Senator Benjamin Cardin (D-MD), along with a bipartisan group of senators that includes John McCain (R-AZ), Marco Rubio (R-FL), Lindsey Graham (R-SC), Amy Klobuchar (D-MN), and Dick Durbin (D-IL), introduced S.94, the “Counteracting Russian Hostilities Act of 2017.” While widely reported on for its proposed sanctions on the Russian Federation for cyberattacks on the United States, S.94 also contains a little-discussed provision aimed at civilian nuclear trade with Russia.
Section 209 of the bill would penalize any person who makes an investment that directly and significantly contributes to enhancing the ability of the Russian Federation to construct civil nuclear power plants. While the bill certainly covers the construction of civil nuclear plants in Russia, it is broadly phrased in a manner that could cover Russia’s construction of civil nuclear plants in other countries as well. The restriction on investments is limited to nuclear power plant construction, but the bill also would penalize any person who sells, leases, or provides goods, services, technology, information, or support to the Russian Federation that “could directly and significantly facilitate the maintenance or expansion of the construction, modernization, or repair of civil nuclear plants by the Russian Federation.” The dollar threshold for investments or goods, services, etc. is $1 million per transaction and $5 million per 12-month period.
For real-world application, these restrictions would appear to cover support for power uprates, vessel head repairs, and steam generator replacements, among other nonconstruction activities. The bill does not distinguish between current or advanced designs, or between consulting services or the sale of major plant equipment. However, the restrictions could be read to exclude research and development activities, which indirectly facilitate nuclear plant construction and operations. Finally, the bill applies only to actions on or after the date of enactment of the legislation, so any investment or support provided before that time would not be covered.
Penalties for violating the sanctions would be severe. The bill contains 12 possible penalties and requires that the president impose at least five of them on any person who violates Section 209. The penalties include debarment from government contracts, denial of export licenses, and freezing of banking accounts, as well as prohibiting a US financial institution from issuing more than $10 million in loans over a 12-month period.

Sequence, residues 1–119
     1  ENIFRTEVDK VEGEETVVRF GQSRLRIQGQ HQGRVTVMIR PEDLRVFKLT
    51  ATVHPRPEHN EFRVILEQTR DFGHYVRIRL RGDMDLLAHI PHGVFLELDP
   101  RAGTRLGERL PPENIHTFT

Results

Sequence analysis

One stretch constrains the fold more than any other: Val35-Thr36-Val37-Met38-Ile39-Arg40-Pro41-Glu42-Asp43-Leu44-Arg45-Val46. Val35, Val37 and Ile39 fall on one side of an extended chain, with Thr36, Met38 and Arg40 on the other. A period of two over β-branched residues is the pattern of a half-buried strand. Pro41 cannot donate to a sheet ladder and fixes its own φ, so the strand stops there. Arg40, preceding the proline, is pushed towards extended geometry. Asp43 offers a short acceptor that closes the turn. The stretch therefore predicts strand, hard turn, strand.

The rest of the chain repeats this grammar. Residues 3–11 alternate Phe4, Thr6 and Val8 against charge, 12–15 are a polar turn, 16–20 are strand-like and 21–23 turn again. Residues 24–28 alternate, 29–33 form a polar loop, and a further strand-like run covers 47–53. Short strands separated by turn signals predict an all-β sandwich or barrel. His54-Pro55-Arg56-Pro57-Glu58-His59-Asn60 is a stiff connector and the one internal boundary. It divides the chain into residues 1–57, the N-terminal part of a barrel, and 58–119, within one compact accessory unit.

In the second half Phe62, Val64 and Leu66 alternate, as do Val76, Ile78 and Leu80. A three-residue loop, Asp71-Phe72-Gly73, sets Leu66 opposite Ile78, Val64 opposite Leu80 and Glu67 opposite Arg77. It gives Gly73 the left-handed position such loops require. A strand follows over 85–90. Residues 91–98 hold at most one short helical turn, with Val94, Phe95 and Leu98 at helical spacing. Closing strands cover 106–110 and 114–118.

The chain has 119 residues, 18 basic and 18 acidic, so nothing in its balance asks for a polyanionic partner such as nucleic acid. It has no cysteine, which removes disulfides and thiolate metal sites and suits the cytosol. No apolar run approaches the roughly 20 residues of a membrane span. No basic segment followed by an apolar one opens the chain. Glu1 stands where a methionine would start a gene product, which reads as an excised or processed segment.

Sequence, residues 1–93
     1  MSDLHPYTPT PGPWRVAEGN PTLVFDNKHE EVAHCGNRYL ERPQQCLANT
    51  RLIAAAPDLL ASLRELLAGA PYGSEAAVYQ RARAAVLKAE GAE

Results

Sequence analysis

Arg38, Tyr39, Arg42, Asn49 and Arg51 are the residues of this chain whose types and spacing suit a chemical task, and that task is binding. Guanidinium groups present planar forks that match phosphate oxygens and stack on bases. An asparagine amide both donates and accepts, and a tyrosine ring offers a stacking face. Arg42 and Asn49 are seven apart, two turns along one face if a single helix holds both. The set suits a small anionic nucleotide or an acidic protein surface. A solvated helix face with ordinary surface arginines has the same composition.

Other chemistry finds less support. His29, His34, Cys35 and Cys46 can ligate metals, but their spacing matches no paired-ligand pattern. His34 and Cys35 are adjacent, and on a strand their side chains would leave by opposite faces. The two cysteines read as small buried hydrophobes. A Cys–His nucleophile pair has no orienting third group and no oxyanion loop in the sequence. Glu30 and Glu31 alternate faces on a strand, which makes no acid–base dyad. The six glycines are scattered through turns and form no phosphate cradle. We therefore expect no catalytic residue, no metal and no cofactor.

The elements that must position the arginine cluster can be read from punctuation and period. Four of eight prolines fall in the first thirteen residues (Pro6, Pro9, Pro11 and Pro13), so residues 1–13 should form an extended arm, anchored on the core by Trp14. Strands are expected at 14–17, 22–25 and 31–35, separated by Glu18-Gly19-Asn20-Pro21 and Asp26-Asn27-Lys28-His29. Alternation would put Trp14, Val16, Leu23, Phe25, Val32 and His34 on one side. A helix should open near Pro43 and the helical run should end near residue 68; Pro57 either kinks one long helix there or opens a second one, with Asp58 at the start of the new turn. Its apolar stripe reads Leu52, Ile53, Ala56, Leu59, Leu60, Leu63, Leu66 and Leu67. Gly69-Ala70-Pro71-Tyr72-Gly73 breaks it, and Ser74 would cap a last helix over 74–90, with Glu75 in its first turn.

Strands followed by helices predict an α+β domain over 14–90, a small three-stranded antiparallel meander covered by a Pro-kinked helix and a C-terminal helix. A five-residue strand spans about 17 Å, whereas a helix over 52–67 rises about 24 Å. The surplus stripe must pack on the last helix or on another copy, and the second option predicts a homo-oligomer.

S.94 continues the trend of imposing additional restrictions on civil nuclear trade with Russia. Although nuclear-related exports are already controlled under 10 C.F.R. Parts 110 and 810 and the Export Administration Regulations (EAR) in 15 C.F.R. Parts 730-774, Congress in recent years has imposed additional restrictions on the transfer of technology to Russia. For example, in the National Defense Authorization Act of 2015 (NDAA), Pub. L. 114-92, § 3136, codified at 42 U.S.C. § 2077a, Congress imposed additional reviews by administrative agencies, including the Office of the Director of National Intelligence, of proposed transfers of civil nuclear technology to Russia. The NDAA also requires regular reports to Congress of any approved transfer of civil nuclear technology to Russia pursuant to Section 57b.2 of the Atomic Energy Act and 10 C.F.R. Part 810.
S.94 has been referred to the Senate Committee on Foreign Relations, where it awaits further action. Morgan Lewis is tracking the status of this bill and others that can affect the US nuclear industry.
This post was prepared with the help of David B. Mendelsohn, a research assistant in our Washington strategic government relations and counseling practice.